You probably know these small brewers by the interesting names they have for their suds: Smooth Hoperator, Polygamy Porter and Donkey Punch come to mind.

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NPR Story
1:32 pm
Wed July 10, 2013

The Brain Science Of Drinking Diet Soda

(kenudigit/Flickr)

Originally published on Thu January 23, 2014 12:54 pm

More and more Americans are consuming artificial sweeteners as an alternative to sugar, but whether this translates into better health has been heavily debated.

NPR’s Allison Aubrey explains a new study in the journal “Trends in Endocrinology and Metabolism” that looks at the brain science behind drinking diet soda.

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NPR Story
11:50 am
Wed July 10, 2013

Displacement Can Last A Lifetime For Many Refugees

A Syrian refugee boy, right, sits outside his tent next to his family at a temporary refugee camp in the eastern Lebanese town of Marj near the border with Syria, Lebanon, Monday, May 20, 2013. (Hussein Malla/AP)

Originally published on Thu July 11, 2013 8:05 am

According to a recent report by the United Nations, more than 45 million people worldwide were forced to flee their homes in 2012 — the highest number of refugees in nearly two decades.

People leave their homes for many reasons, including war and violence, environmental disaster and persecution. More than half of the refugees worldwide came from five countries, according to the UN: Afghanistan, Somalia, Iraq, Sudan and Syria.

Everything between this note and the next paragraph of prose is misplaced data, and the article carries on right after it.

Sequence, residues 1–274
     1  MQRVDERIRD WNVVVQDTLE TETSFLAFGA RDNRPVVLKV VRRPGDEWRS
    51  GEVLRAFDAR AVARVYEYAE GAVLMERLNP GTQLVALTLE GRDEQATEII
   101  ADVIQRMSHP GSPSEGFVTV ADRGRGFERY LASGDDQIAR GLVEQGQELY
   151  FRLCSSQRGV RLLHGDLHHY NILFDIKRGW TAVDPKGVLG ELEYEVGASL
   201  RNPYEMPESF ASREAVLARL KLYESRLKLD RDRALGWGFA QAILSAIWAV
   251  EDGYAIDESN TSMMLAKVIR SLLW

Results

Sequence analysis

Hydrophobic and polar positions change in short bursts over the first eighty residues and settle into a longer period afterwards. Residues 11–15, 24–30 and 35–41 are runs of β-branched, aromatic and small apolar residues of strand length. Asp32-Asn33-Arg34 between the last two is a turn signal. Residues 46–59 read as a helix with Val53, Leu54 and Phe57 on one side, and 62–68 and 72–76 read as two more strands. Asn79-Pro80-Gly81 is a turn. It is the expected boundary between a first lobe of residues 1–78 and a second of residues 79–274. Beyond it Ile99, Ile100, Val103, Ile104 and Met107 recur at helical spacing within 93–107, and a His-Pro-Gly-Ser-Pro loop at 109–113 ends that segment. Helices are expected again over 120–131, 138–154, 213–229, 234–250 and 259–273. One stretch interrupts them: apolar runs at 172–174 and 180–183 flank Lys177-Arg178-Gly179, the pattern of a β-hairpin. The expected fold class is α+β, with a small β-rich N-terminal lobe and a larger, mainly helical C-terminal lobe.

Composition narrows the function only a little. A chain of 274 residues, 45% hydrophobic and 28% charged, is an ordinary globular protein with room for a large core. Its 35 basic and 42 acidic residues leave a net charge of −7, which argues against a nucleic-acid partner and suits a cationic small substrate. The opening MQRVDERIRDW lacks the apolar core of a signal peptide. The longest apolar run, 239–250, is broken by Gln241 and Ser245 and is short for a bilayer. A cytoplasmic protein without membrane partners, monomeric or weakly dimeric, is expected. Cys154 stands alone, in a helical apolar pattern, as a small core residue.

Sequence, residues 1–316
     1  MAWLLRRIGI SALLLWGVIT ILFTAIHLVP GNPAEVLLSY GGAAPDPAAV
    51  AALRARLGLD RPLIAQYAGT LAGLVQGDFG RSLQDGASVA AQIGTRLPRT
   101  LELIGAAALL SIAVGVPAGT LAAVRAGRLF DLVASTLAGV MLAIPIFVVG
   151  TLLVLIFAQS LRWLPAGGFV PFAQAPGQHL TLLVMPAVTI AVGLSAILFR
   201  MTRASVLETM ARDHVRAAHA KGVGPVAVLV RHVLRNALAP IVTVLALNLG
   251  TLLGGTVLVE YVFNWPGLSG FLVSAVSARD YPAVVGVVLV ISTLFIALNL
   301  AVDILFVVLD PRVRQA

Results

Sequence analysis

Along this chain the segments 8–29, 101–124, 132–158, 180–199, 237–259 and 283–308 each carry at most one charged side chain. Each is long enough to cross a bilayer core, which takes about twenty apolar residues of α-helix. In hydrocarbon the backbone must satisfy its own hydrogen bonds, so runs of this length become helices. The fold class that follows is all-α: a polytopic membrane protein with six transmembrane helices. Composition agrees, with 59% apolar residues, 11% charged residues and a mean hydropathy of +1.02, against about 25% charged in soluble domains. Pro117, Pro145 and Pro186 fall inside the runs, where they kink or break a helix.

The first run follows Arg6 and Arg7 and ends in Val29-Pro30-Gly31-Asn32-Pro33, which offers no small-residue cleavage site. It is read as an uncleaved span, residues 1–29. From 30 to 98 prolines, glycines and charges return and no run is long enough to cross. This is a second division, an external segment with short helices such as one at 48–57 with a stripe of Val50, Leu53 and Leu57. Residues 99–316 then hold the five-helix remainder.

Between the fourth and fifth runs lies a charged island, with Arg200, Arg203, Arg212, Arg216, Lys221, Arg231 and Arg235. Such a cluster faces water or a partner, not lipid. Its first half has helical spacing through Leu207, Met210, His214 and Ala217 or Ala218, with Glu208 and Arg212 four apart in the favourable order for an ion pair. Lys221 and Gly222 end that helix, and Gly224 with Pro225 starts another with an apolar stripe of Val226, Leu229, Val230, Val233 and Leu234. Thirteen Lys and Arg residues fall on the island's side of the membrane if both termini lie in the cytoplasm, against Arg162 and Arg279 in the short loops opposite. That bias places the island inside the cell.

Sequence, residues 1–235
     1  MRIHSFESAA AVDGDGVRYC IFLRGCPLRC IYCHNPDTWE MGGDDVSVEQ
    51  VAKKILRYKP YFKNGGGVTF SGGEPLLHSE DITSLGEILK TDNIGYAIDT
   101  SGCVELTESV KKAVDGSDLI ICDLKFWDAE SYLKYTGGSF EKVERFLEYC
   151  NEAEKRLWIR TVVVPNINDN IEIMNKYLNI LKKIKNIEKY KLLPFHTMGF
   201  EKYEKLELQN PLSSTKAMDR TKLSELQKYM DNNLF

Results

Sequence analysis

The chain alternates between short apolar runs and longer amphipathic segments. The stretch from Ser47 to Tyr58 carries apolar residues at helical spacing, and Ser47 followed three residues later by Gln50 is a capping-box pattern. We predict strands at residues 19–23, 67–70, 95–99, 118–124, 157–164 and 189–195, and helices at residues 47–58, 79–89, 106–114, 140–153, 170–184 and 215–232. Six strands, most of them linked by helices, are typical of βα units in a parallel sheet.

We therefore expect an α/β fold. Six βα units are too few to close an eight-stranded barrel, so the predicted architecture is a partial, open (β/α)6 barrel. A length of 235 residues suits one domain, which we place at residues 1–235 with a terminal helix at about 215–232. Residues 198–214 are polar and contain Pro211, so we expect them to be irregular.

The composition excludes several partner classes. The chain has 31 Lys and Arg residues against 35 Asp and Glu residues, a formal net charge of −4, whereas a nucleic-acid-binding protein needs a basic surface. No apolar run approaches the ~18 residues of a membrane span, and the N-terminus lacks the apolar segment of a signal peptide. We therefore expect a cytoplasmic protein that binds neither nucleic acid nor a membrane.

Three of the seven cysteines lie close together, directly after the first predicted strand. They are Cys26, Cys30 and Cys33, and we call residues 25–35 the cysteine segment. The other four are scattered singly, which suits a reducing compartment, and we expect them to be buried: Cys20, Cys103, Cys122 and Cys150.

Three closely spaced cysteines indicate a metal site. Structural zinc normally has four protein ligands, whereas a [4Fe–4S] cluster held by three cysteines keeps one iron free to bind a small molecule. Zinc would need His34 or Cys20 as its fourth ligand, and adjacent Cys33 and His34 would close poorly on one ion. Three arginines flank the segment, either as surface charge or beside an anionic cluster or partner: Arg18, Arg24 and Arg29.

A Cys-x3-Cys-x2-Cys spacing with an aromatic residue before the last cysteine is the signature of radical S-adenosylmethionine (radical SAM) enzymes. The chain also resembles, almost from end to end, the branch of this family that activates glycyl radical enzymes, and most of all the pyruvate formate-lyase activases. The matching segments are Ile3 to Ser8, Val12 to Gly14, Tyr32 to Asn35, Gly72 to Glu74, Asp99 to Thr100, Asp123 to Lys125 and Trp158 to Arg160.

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NPR Story
11:46 am
Wed July 10, 2013

A Jedi Knight In Queen Elizabeth's Court

Cover art from "William Shakespeare's Star Wars." (Quirk Books)

Originally published on Wed July 10, 2013 10:50 am

What if William Shakespeare had written Star Wars? Well now we know!

Ian Doescher, author of “William Shakespeare’s Star Wars: Verily, A New Hope” pulls back curtain on the eternal question: what does a wookie sound like in Elizabethan English?

Book Excerpt: ‘William Shakespeare’s Star Wars’

By: Ian Doescher

BIGGS: Make haste, O Luke. Methinks they do approach

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NPR Story
11:46 am
Wed July 10, 2013

Spain's Population Declines Amid Economic Crisis

Originally published on Thu July 11, 2013 9:50 am

The economic crisis in Spain, where the unemployment rate is a record 27 percent, is forcing people to leave the country to look for work.

The BBC’s Tom Burridge reports the birthrate in Spain is also falling, because couples believe they can’t afford to have children under the economic circumstances.

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The Salt
10:32 am
Wed July 10, 2013

Do Diet Drinks Mess Up Metabolisms?

Some researchers think that artificial sweeteners, most frequently consumed in diet drinks, may confuse the body.
Justin Sullivan Getty Images

Originally published on Thu July 11, 2013 3:10 pm

It may seem counterintuitive, but there's a body of evidence to suggest that the millions of Americans with a diet soda habit may not be doing their waistlines — or their blood sugar — any favors.